Saturday, November 26th, was the BIG day. The Mars Science Laboratory (MSL) Curiosity rover was scheduled to launch at 10:02AM EST.
Anyone familiar with rocket launches knows that a launch – be it a manned or a robotic launch – is anything but guaranteed. Saturday’s launch attempt was simply the first scheduled opportunity for the spacecraft to leave the Earth. If the weather was unfavourable, or if a problem was detected with any part of the rocket, the launch would be “scrubbed” and attempted again the following day. That would be bad news for me as my flight was scheduled to leave later that evening.
In fact, the mission had already faced one such delay. Under the original schedule, the first launch opportunity was scheduled for Friday morning but a faulty battery had pushed the launch to Saturday. This meant that I, and many of the space tweeps, would have only one chance to see the rocket try for Mars!
I Love the Smell of Rocket Fuel in the Morning
As had been the case on Friday, NASA had prepared a very full agenda for us. I, and the other “foreign nationals” needed to arrive onsite at the Kennedy Space Center at 6:00am to be escorted by a NASA employee to the press site. It was still quite dark by the time we arrived at the Twent, which made the sight of the launch clock – which was actually counting down! – even more impressive.
I had not expected the sight of the illuminated clock to give me give me shivers, but it did. When I first noticed it from the car as we parked, my jaw literally dropped at the sight of the huge, bright numbers ticking down against the dark sky. I was looking live at the digits I’d seen so many times before on television during shuttle launches. Following the STS-95 mission that launched John Glenn back into space in 1998, I tried to catch every shuttle launch on TV or online (and I missed very few!) so that clock was like an old familiar friend and a powerful reminder that I was here to see a something special!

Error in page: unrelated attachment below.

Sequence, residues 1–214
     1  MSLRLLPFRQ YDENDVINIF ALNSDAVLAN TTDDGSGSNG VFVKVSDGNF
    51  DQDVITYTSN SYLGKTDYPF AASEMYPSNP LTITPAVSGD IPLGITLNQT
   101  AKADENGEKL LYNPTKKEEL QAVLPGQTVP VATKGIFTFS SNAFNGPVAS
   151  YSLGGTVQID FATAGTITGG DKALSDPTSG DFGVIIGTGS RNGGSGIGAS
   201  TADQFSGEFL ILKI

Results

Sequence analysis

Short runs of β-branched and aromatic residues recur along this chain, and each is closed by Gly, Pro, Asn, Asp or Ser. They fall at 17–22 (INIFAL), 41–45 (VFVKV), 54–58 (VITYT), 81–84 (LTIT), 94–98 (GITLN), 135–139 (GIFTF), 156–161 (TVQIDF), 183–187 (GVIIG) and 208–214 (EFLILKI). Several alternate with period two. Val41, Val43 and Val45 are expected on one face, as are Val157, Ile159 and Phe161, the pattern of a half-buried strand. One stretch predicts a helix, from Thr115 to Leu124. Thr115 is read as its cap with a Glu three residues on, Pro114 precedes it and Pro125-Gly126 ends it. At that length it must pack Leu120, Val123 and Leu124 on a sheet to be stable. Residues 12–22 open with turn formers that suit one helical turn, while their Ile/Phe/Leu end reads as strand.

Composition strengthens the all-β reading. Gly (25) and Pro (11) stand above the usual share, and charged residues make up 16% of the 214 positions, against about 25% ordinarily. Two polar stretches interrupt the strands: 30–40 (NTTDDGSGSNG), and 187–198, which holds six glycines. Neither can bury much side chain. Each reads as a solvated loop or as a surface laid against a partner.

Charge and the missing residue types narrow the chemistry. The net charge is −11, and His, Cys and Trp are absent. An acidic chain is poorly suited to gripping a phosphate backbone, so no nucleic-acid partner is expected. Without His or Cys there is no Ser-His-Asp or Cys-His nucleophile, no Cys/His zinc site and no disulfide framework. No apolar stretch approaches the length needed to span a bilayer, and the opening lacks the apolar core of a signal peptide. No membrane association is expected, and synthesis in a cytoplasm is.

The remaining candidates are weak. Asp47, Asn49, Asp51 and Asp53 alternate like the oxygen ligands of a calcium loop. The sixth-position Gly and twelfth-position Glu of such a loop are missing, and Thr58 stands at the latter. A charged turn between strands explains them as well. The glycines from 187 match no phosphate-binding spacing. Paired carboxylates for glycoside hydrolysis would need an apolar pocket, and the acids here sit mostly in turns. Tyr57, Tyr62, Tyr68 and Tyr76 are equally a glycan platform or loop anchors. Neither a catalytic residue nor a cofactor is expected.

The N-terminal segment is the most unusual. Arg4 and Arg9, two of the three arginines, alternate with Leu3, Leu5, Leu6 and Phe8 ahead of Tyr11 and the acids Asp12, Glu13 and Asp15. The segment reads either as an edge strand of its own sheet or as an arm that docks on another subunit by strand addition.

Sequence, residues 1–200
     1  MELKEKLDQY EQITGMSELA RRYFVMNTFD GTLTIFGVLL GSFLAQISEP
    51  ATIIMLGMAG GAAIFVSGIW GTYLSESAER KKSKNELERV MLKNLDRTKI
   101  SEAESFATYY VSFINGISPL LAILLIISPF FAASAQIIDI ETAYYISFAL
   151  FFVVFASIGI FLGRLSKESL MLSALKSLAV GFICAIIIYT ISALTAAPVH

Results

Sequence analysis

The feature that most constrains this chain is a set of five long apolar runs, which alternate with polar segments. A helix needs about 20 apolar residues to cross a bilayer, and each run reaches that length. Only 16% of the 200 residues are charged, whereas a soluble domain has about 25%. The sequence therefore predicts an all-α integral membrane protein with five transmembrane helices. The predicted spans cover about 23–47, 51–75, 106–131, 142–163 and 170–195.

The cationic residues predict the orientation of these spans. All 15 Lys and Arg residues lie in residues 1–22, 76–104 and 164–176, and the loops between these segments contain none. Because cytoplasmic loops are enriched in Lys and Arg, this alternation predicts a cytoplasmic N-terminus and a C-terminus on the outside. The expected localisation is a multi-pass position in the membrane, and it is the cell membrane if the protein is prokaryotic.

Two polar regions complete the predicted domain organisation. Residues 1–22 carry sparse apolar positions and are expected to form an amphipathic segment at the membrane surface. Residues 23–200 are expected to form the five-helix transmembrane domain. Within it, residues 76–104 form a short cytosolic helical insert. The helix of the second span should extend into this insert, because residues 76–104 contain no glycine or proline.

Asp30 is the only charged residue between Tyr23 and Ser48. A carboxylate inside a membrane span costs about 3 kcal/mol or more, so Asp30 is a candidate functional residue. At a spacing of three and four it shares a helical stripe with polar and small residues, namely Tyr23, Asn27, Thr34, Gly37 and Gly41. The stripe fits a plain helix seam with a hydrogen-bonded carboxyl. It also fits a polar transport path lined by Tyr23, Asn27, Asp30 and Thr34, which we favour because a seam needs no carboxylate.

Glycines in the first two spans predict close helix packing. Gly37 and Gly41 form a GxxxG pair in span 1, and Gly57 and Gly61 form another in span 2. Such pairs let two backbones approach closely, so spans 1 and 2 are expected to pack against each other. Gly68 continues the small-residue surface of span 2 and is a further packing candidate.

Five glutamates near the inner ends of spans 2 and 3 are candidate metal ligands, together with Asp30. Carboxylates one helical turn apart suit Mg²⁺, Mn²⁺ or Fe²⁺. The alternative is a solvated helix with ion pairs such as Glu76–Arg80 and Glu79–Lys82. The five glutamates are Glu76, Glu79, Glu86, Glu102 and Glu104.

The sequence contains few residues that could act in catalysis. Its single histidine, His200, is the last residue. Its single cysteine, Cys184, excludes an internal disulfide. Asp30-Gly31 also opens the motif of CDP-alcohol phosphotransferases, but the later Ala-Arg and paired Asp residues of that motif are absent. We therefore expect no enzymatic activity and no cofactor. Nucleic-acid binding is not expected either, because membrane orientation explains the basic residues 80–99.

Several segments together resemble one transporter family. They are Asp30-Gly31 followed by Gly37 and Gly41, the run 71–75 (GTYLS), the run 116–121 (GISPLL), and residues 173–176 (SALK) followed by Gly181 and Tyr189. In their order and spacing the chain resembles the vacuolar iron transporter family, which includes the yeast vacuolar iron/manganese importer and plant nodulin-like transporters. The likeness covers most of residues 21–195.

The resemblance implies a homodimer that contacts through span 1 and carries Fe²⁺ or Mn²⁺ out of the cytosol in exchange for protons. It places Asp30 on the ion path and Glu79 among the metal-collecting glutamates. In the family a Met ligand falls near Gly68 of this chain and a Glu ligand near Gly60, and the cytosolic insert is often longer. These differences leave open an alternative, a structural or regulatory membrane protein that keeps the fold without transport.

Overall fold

Soon after we arrived at the “Twent” to announce our arrival, half of us were shepherded to an adjacent building to hear about Eyes on the Solar System, an amazing online solar system simulator that displays the position of the planets and NASA spacecraft at almost any point in the past, present or future. The speaker, Doug Ellison, took us on a tour of the free tool and its latest features.
After the demo, we returned to the twent to hear from two very special guests: astronaut Doug “Wheels” Wheelock, who has spent more than 175 days in space, and Bill Nye, who’s better known as Bill Nye the Science Guy. I happened to pass by Wheels before he went up to speak and he was kind enough to pose for a pic:
Bill Nye and Doug Wheelock spoke individually and then answered questions as a pair. I caught this short and funny clip of one of their answers on my video camera:
Shortly thereafter, NASA administrator and former astronaut Charles Bolden gave a quick speech.
We were then joined by astronaut Leland Melvin (@Astro_Flow) who was a standout college football wide receiver drafted by the Detroit Lions in 1986; and entertainer will.i.am of the Black Eyed Peas! A passionate believer in the power of science and technology, will.i.am has been working to inspire young people to pursue careers in STEM (science, technology, engineering, and math). He finds the STEM acronym boring, however, and prefers SYSTEM or STEAM (science, technology, engineering, arts, and match) which I really like!
will.i.am explained how he personally funded a TV program on ABC in August called i.am.FIRST- Science is Rock and Roll. The show blended science, technology and pop culture to portray science in a youth-friendly, non-boring fashion. will.i.am also told us about a new song he’d written called “Reach For the Stars” that he will release when the MSL Curiosity rover touches down on Mars in August! I got a quick video clip of him talking about the song:
Once the talks were done, we were ushered outside for a group photo!
After the photo, we pretty much mobbed poor Bill Nye: